02/11/2010 (10:52 pm)
About two weeks ago, the US Supreme Court published their decision in the case of Citizens United v. Federal Election Commission, and the left went berserk. The Court declared that preventing corporations and unions from running ads on their own within two months of a national election or a month of a primary created an unconstitutional restriction on free speech. Henceforth, corporations and unions are free to run ads about candidates to their heart’s content. Leftists decried the demolition of barriers to “corruption,” the unconscionable bypassing of precedent, and the sheer, unnecessary activism of the conservatives on the Court, and predicted a flood of corrupt corporate money in elections (see here, here, and here for examples.) The President huffed,
…the Supreme Court has given a green light to a new stampede of special interest money in our politics. It is a major victory for big oil, Wall Street banks, health insurance companies and the other powerful interests that marshal their power every day in Washington to drown out the voices of everyday Americans…
You’d think the unions would have applauded the decision, since unions, like corporations, were restricted from running ads, but are now permitted. You’d also think the Democrats would have shrugged their shoulders and accepted the change, since unions, which have extraordinarily deep pockets and are nearly 100% in the Democrats’ camp, would offset whatever advantage Republicans might have in the corporate world. But they didn’t.
And if you had any doubt why they didn’t accept it, this week you got your answer. It seems that despite the law, unions have been pouring their vast sums into elections all along. What a surprise.
Joseph Abrams at FoxNews.com published an exposé about a web site called TheTeaPartyIsOver.org, which claims to be a grassroots organization aimed at countering the effects of the burgeoning Tea Party movement with legislation. Only, Abrams discovered that it’s not really a grassroots organization at all. The site is one of several created by a pair of Washington attorneys that funnel money from union bank accounts into local political races, bypassing campaign finance restrictions by laundering the money. The maneuver appears to be legal, but hardly ethical; it clearly utilizes a loophole in the campaign finance restrictions, allowing forbidden union funds to be spent in the guise of local, grassroots activism far from the source of the funds. Abrams uncovered donations from the American Federation of State, County, and Municipal Employees Union (AFSCME) numbering in the millions of dollars, and directed into state political campaigns.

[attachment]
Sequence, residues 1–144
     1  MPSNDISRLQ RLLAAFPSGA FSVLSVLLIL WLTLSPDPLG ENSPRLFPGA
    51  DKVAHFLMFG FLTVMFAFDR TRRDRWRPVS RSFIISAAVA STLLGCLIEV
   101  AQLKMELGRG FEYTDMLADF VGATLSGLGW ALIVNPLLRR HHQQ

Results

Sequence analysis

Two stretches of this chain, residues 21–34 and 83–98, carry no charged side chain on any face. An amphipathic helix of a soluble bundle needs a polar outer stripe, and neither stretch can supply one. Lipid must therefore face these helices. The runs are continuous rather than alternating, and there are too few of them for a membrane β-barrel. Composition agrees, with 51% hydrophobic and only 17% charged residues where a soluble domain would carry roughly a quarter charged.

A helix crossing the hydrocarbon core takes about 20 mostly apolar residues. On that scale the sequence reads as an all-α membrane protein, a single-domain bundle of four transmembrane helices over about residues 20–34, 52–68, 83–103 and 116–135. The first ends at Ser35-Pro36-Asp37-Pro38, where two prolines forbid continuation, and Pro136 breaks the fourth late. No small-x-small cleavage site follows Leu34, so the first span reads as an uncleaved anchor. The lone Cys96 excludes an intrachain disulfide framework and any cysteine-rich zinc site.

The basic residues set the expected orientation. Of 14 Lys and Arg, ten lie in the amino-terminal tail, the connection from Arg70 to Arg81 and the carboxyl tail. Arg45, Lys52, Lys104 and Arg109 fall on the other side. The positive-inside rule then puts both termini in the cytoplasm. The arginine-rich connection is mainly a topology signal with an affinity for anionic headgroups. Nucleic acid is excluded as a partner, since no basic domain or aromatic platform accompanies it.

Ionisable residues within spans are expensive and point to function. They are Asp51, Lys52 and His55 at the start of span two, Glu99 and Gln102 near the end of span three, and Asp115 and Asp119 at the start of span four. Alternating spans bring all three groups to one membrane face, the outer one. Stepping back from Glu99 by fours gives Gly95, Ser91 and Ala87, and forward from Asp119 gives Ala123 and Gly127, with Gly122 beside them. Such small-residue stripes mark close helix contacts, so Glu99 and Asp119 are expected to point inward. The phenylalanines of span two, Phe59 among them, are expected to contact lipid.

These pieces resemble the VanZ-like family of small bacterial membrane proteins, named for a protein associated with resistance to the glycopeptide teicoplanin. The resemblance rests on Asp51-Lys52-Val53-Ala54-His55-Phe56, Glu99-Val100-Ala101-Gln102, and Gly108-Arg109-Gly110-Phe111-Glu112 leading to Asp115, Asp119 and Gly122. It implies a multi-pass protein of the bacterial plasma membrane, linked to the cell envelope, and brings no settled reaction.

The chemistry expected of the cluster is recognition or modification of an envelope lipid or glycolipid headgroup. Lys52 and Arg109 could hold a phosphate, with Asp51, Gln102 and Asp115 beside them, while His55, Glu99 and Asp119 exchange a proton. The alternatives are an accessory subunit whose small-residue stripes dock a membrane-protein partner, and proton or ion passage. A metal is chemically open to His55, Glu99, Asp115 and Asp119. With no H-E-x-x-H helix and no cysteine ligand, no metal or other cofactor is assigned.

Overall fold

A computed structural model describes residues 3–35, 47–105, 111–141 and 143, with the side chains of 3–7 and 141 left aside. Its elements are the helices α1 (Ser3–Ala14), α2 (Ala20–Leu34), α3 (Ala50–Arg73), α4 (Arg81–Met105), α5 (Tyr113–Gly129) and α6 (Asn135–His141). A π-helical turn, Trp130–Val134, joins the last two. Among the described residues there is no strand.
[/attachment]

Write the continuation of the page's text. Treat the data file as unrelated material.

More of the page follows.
We’ve known for years that unions have been engaging in similar actions. Apparently McCain-Feingold (formally know as BCRA, for “Bipartisan Campaign Reform Act of 2002″) did not really stop the flow of “corrupting” cash into elections, it just redirected it for those who were prepared to play the system. Democrats claiming that removing the restriction on corporate spending will ruin the election process are just posturing for the camera; what they really oppose is Republicans getting in on the act.
The President was particularly disingenuous on the topic during his State of the Union address. Recall the passage that had Supreme Court Justice Samuel Alito mouthing “Not true” from his second-row seat:
With all due deference to separation of powers, last week the Supreme Court reversed a century of law that, I believe, will open the floodgates for special interests, including foreign corporations, to spend without limit in our elections. I don’t think American elections should be bankrolled by America’s most powerful interests or, worse, by foreign entities…